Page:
UD to provide free college courses for high school students

NEWARK — High school students statewide can get a leg up on their college studies through a new University of Delaware program rolling out this fall.

“It’s been in the works for quite a while now,” said Lynn Okagaki, deputy provost for academic affairs at the university.

“We’ve been trying to figure out how we could create a dual enrollment program that would really facilitate access for students and be able to serve students all across the state, particularly in southern Delaware where we don’t have as many opportunities down there.”

The Early College Credit Program will be free and open to juniors and seniors in all 74 public, charter and private high schools throughout the state.

The introductory courses — which will be in subjects such as astronomy, philosophy, art history and more — will be transmitted via video from UD’s Newark campus and streamed to the students’ high schools. The high school students will be enrolled alongside college students.

“One of the things we are excited about with this new program is that high school students have the opportunity to interact with regular undergraduates on campus, virtually. This will give them a real college experience,” Dr. Okagaki added.

Participation in courses will allow students to earn both high school and college credits. Officials said the courses “are being designed to use open educational resources as much as possible to eliminate or reduce the costs for textbooks and other class materials.”

Dr. Okagaki said that because faculty members are teaching a regular class on campus with undergraduate students, there’s no additional instructional cost, which allows for the program to be free.

The university plans to offer five courses each year, and students can take up to all five. The credits satisfy the university’s general education requirements and could potentially be transferred to other universities or colleges.

As the program grows, Dr. Okagaki said that the university plans to offer more general education courses, such as pre-calculus or calculus.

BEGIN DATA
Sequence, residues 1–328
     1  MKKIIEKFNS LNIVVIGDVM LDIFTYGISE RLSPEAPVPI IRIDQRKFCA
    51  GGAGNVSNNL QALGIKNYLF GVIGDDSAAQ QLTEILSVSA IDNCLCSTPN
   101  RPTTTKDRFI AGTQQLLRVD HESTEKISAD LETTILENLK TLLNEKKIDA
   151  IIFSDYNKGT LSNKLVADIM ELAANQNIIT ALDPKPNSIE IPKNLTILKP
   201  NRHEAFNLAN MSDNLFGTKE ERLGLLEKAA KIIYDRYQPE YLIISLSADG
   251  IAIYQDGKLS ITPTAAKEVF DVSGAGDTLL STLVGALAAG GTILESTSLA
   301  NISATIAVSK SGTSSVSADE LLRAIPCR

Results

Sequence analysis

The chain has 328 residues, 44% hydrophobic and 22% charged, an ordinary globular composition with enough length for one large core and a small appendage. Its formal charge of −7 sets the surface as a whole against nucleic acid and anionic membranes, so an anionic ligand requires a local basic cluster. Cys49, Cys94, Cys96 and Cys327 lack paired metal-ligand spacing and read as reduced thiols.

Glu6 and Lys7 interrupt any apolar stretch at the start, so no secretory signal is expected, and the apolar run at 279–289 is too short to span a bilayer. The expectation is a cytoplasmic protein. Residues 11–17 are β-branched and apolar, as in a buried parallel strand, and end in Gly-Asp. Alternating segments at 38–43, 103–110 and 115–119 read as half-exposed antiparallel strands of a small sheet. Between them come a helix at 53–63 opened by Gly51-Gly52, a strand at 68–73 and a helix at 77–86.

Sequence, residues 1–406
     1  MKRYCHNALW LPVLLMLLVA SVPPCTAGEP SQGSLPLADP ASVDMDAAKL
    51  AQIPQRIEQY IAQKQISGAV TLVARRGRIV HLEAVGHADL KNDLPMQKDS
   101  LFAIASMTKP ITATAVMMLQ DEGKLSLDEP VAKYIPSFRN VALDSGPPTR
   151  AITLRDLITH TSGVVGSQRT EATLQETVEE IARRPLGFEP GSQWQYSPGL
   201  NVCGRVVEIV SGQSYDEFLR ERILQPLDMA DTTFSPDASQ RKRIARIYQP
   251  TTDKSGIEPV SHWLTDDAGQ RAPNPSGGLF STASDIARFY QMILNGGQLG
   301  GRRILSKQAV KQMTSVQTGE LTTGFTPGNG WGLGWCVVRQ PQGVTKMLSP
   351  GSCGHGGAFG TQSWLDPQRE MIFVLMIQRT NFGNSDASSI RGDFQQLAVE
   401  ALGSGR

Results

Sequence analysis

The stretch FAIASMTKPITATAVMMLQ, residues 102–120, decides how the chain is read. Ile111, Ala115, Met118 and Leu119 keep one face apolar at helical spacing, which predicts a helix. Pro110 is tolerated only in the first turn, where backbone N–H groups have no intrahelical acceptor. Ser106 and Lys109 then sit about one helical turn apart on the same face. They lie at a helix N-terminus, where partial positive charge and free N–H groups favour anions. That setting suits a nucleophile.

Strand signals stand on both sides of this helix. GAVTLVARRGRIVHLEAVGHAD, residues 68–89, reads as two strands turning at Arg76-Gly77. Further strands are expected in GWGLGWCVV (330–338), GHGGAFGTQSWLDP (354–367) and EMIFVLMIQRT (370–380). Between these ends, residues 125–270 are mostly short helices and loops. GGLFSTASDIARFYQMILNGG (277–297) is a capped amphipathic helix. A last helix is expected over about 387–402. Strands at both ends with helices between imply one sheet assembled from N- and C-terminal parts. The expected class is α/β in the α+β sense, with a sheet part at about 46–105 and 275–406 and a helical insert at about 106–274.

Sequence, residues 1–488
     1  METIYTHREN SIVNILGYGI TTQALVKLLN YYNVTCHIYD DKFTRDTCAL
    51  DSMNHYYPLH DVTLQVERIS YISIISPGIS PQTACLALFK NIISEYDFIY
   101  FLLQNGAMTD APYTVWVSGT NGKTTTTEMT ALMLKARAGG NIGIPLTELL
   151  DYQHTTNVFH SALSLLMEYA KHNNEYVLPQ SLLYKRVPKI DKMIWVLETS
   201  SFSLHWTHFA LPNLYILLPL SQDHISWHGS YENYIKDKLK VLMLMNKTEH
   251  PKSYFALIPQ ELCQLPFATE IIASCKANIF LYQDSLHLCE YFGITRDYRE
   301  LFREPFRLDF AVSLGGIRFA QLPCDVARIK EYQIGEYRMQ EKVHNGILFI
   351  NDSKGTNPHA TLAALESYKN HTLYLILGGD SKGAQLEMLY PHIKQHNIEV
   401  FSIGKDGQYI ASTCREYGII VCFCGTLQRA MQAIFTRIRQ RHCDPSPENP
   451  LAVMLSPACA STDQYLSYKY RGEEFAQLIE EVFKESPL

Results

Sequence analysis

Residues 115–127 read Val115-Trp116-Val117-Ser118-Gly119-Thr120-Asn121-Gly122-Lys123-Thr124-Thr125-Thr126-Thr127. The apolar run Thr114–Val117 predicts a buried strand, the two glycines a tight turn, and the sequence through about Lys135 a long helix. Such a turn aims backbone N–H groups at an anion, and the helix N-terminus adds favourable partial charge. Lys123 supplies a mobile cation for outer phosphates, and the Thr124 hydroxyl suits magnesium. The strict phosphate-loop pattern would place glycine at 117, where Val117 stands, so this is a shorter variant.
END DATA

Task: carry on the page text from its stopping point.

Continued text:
“This innovative program will put our great faculty into high school classrooms across the state, teaching introductory college-level material to Delaware’s motivated high school students,” UD President Dennis Assanis said in a prepared statement.

“These students will have an unparalleled opportunity to experience college-level academics, interact virtually with undergraduates on our Newark campus and earn free academic credit that will help lower the cost of their education. This program is a substantive addition to the university’s ongoing efforts to increase affordability and access to higher education for residents of the First State.”

“I am excited that this dual enrollment program will make college courses more accessible and affordable to Delaware high school students,” Delaware Secretary of Education Susan Bunting said in a prepared statement. “This is the kind of innovative partnership between higher education and K12 schools that our students need.”

The university will be capping the amount of students and schools that can participate in the first year, but with the current technology, Dr. Okagaki said that the program can serve about 300 students. If the demand is greater than that, the university can scale up, she said.

To enroll in the classes, students will need the recommendation of a high school official, who will coordinate registration with the university through its Division of Professional and Continuing Studies, officials said.

Officials said that interested students should have:

• a high school grade-point average of 3.6 or above; or

• a minimum SAT or PSAT score of 600 verbal and 600 math; or

• successful completion of and solid grades in rigorous high school classes, such as Advanced Placement, Honors or International Baccalaureate classes.

Participating high schools will be responsible for providing:

• a cooperating professional to serve as the on-site coordinator for each UD class;

• a classroom or meeting room suitable for web conferencing the class; and

• academic assistance to students who may struggle in a class, working in conjunction with the UD faculty member and a UD teaching assistant.